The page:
And, lets face it look at her competition. Its one thing to say shes not libertarian enough for libertarian support in a general election. Im sure that even if Marianne blessed her with a miracle and she somehow became the nominee, the eventual libertarian candidate would have her beat on libertarian cred. But who else is running in the race shes currently in that could hold a candle to her?

Just having her in the debates is an easy way to show how awful her competition is on issues that Democrats are supposed to be good on because shes actually willing to call them out. We all want to see her torch other Democrats on that stage the way she decimated Harris in the last debate she participated in. And it was just yesterday on Twitter that she wrote Trump awaits instructions from his Saudi masters. Having our country act as Saudi Arabias bitch is not America First. which just warms my heart.

This weekend, Tulsi held a townhall in Ankeny, IA where she took questions from the audience. One of those audience members is a man named Seth (God bless you, Seth). He asked her about the good old libertarian bumper sticker slogan of taxation is theft.

Her response deserves more context than the first sentence that can fit on a meme, and is as follows

Seth: Hello. My name is Seth.

Tulsi: Hi Seth.

Seth: Im one of the libertarians in this coalition that youre building. And I want to say that youve already sold me on your thing. Im voting for you, Tulsi 2020. Were going.

Tulsi: Thank you.

Seth: But as a libertarian in this election space, Im curious as to what each candidate thinks. I wonder do you have any ethical problems with taxation? Whether or not its theft or whether or not its permissible even if it is theft, or just where are your thoughts on this subject?

Tulsi: Taxation is theft when our taxes are being used toward things that do not serve our interests.

Yall work hard every day. When you pay those taxes, you should have faith and trust that they will be used for things like making sure youve got safe roads to drive on. To make sure that your kids are getting a good education in these public schools. To make sure that your firefighters have what they need in order to make sure your house doesnt burn down if something happens. There are basic needs that we have in this country, and our taxes are meant to serve those needs.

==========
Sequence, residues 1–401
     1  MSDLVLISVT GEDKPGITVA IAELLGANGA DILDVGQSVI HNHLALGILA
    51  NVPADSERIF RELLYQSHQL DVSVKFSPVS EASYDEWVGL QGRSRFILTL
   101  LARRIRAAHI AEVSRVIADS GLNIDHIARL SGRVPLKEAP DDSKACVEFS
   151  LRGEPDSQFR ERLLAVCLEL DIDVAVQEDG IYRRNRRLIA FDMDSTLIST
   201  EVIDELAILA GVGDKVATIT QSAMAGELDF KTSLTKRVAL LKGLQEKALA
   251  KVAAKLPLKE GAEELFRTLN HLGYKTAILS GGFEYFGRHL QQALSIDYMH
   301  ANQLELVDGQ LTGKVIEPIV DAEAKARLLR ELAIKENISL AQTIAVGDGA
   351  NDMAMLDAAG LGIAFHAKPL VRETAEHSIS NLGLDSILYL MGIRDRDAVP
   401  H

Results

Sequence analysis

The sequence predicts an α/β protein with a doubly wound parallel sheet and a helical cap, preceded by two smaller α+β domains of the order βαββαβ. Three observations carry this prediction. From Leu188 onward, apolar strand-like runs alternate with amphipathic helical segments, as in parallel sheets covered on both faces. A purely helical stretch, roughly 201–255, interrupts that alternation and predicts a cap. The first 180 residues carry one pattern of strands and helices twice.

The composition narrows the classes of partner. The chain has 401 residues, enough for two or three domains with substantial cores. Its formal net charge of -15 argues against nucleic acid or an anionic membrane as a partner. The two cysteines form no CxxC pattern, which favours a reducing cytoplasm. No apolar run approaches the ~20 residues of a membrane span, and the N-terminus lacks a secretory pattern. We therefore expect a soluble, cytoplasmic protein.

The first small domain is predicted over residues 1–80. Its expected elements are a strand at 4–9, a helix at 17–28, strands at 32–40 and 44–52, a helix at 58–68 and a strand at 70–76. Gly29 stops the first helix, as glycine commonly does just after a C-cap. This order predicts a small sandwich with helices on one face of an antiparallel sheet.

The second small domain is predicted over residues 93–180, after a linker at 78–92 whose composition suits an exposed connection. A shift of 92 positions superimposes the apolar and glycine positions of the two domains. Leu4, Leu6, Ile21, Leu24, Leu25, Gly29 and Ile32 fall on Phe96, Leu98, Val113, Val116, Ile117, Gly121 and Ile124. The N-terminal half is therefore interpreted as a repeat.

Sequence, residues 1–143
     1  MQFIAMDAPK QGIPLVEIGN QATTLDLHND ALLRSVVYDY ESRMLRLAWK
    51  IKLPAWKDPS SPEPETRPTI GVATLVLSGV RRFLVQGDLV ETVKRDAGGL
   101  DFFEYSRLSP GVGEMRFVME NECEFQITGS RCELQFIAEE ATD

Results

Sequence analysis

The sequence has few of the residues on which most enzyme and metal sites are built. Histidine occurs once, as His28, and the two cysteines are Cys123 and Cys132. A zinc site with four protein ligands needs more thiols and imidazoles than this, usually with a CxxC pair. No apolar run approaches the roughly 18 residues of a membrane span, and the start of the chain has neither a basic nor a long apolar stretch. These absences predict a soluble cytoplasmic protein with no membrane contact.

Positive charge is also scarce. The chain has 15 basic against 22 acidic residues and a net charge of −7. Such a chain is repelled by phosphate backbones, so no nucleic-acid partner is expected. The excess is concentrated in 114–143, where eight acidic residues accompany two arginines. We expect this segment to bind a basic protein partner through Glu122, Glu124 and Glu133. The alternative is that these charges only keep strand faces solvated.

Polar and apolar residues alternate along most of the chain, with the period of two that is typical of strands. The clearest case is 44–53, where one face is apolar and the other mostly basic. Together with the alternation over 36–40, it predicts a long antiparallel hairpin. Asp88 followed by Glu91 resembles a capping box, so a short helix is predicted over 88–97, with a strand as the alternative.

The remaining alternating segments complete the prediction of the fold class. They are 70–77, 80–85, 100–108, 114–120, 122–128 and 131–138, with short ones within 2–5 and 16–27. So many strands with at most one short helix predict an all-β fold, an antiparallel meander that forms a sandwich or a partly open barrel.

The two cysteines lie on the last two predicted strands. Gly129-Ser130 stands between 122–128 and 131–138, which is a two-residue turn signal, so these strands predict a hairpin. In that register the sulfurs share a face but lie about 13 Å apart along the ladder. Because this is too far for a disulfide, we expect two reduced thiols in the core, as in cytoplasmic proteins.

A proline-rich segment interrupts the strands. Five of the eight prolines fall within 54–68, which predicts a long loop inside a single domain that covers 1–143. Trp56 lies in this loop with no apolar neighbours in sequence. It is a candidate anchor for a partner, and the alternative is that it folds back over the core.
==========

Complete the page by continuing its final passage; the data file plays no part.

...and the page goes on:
Not to fund needless layers and layers and layers of bureaucracy. Certainly not to fund these wasteful wars and nuclear weapons that are making us in the world less safe. This gets to the heart of what Im talking about here.

It is about fiscal responsibility. And it is about accountability.

And making sure that our hard-earned taxpayer dollars are redirected away from this kind of waste and abuse and used to serve the interests of our people.

Obviously, there are issues that libertarians could find with this. Taxation is theft when? Public schools? How would she serve the interests of our people, and is there a more effective solution than government? Is government really serving our interests at all when it acts outside of a role that protects life, liberty, and property and what does that entail compared to her plans? That kind of thing that fills the headspace of all real libertarians rent-free. These are, of course, real questions and concerns. But

She acknowledged a negative moral component to excessive taxation and implied that its nature was involuntary. She may have agreed taxation was theft only when the ROI was in the red, but in some ways thats in line with classical liberal thought even if her cost/benefit analysis on when government is serving our interests enough to justify some degree of theft is in reality worlds apart.